Graduate Management News

April 2016

The Newsletter of the Graduate Management Admission Council

Add Global Business Experience to Your MBA Program

Differentiate your graduate business program by having your students take a journey during their academic progression.

Global Experience in MBA thumb

MBA prospects have more choices today than ever before, with part-time, online, and now Massive Open Online Courses (MOOCs) that allow them to integrate MBA-level thinking into their study routine with little-to-no interruption to their lives. Due to an uncertain economy, this level of flexibility and choice is especially important.

Given all of these options, how are you differentiating your MBA program in a way that allows you to rise above the competition that may be only a few miles away?

One of the unique aspects about our program at Eller MBA is that each of our students goes on a journey—both literally and figuratively—during their academic progression in the program. In addition to the skills our students acquire in the program, they are able to take advantage of a Global Business Experience (GBE) that influences their worldview and impacts their perspective on business.

Recently, students in our Evening MBA program traveled to Dubai for their GBE. Below are just a few of the key benefits that programs and students can take away from experiences:

  • Real-time ROI. In addition to the cultural immersion that takes place, students have mentioned they are still absorbing the knowledge they received from  Emirati business leaders they met and have applied certain components of the region’s business philosophy into their own respective workplaces.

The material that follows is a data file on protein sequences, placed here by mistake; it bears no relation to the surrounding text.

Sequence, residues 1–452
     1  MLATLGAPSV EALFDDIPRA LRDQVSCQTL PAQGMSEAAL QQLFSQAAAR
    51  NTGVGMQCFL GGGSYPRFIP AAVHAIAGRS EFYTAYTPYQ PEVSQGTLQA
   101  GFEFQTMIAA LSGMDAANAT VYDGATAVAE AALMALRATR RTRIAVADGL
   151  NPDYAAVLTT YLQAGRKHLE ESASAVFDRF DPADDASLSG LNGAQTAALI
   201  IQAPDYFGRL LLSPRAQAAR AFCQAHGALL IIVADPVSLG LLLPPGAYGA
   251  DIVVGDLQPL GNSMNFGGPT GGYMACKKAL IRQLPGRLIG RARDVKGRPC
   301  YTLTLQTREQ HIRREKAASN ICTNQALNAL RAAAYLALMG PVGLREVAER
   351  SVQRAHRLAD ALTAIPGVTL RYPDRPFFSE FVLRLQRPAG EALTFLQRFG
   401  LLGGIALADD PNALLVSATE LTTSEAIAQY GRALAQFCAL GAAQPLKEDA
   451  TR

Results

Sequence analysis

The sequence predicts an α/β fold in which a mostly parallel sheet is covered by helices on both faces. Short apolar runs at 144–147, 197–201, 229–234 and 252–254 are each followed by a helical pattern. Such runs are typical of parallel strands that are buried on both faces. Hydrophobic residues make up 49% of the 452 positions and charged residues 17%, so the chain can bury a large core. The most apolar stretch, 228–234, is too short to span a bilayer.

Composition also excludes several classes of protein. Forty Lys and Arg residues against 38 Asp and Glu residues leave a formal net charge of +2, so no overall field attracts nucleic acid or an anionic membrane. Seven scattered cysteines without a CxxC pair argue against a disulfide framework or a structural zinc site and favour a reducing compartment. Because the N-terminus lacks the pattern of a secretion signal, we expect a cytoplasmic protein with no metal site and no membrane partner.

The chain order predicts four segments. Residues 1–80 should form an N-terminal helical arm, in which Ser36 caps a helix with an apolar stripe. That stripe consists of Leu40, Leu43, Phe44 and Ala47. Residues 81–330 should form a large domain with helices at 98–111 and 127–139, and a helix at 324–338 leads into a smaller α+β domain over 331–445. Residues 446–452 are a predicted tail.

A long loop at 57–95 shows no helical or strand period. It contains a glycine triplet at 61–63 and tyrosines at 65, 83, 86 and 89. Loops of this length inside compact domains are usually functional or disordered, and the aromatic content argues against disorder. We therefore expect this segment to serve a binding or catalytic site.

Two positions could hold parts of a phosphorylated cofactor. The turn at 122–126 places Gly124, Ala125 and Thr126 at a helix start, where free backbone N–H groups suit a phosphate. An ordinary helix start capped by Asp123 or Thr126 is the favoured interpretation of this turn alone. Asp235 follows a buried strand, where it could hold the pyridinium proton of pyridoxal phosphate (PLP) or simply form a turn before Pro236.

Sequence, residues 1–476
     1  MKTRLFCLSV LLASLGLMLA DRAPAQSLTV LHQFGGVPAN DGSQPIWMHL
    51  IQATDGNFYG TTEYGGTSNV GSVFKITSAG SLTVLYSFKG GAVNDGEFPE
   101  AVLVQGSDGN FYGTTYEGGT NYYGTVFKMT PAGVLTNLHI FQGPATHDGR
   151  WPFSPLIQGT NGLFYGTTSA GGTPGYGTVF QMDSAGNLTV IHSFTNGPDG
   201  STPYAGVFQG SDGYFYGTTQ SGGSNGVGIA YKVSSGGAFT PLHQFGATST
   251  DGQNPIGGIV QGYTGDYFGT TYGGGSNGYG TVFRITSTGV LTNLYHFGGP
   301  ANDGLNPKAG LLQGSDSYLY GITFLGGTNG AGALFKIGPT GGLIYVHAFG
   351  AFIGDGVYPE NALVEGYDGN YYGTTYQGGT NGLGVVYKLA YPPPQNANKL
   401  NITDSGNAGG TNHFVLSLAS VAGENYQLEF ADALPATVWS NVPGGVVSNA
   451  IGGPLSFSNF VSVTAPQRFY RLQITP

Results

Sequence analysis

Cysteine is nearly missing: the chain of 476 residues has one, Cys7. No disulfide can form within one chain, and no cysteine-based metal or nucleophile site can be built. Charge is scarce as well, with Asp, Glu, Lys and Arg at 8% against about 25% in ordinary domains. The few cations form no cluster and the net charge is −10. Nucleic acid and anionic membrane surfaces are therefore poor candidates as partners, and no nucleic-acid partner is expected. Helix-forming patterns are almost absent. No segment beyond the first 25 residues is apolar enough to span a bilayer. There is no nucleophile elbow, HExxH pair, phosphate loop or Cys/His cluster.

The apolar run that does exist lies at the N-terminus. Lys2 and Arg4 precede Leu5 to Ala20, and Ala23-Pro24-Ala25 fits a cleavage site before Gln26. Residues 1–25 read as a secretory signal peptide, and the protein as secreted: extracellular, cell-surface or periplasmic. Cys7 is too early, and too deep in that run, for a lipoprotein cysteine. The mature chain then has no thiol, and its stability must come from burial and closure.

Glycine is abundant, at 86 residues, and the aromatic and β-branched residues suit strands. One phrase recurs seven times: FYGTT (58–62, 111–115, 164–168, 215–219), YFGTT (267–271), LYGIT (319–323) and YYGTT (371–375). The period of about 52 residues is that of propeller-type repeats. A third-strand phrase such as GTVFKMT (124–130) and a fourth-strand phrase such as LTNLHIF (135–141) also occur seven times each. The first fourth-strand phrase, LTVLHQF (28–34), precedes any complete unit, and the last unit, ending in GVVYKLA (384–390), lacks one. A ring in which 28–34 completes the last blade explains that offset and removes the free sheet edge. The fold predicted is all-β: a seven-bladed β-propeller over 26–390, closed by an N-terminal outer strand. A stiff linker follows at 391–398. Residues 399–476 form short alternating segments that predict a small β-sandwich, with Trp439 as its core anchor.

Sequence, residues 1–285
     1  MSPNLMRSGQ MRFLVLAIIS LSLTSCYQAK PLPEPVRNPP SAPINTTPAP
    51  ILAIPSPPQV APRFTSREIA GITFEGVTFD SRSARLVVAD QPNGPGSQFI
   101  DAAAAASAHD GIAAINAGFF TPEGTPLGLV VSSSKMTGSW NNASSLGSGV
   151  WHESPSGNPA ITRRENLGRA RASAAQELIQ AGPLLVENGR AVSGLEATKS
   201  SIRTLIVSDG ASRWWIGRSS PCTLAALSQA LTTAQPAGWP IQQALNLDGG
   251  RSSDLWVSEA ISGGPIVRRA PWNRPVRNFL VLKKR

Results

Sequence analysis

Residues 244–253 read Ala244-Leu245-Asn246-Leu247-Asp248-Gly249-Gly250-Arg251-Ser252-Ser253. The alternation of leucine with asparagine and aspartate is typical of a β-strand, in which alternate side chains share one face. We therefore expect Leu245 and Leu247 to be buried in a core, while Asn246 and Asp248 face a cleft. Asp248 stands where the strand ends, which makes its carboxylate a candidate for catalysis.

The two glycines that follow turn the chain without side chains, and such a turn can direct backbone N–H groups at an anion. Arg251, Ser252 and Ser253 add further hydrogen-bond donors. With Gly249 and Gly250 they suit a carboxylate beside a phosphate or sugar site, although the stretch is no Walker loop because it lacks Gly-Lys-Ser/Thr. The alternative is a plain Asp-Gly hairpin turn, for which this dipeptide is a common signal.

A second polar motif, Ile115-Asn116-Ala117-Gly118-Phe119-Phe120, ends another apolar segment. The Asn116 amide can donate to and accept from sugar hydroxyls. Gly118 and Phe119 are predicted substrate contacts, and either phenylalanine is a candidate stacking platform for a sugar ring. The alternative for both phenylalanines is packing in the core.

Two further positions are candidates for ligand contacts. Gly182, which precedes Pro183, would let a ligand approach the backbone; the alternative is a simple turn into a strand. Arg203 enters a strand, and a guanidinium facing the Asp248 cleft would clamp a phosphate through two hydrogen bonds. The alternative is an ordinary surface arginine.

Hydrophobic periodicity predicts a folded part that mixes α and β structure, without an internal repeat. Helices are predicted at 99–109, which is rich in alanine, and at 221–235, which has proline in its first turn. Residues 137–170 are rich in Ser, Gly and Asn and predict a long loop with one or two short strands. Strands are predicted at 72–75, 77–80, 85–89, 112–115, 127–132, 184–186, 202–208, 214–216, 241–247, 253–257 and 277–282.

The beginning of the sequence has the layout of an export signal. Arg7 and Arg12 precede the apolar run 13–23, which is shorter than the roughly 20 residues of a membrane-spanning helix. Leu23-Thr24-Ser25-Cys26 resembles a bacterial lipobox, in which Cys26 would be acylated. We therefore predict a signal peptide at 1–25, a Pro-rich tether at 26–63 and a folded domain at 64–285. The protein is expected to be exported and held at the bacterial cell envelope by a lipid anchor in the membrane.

• Challenge leadership status quo. Recent studies have shown that having a more “open network” may be the biggest indicator of future success, in addition to intelligence, experience, and skill-level. According to Business Insider, embracing diverse perspectives allows “you to gain the ability to escape a single group's echo chamber and avoid errors caused by groupthink."
  • Talent retention. The traditional workplace has seen a shift over the years due to various factors (e.g. renewed emphasis on work-life balance, increased agility spawned from technology, enhanced global interconnectivity), which is especially true for the ambitious Millennial worker. A recent Global Millennials survey from Deloitte1, suggests that these workers felt "[i]nsufficient opportunities to develop their leadership skills... As many as 63% of respondents said their leadership skills are not being fully developed." Immersion programs like GBE develop the leadership skills these employees desire before they become disengaged and end up costing an organization more time, more resources, and more money.

It's important to stay ahead of your competition by equipping your graduates with the skills and diverse thinking that will prepare them for tomorrow's challenges as well as to create a tangible and sustainable impact on these future business leaders.

We work diligently to attract the most diverse cohorts possible in our program. Our Global Business Experience has been a huge testament to our continued success and I would encourage all b-schools to embrace globalization within their MBA programs.

1 Millennial Survey 2016, Deloitte. Retrieved April 12 from 

About the Author

Michael LangleyMichael Langley is associate Director, MBA Admissions & Corporate Outreach, at the University of Arizona, Eller College of Management..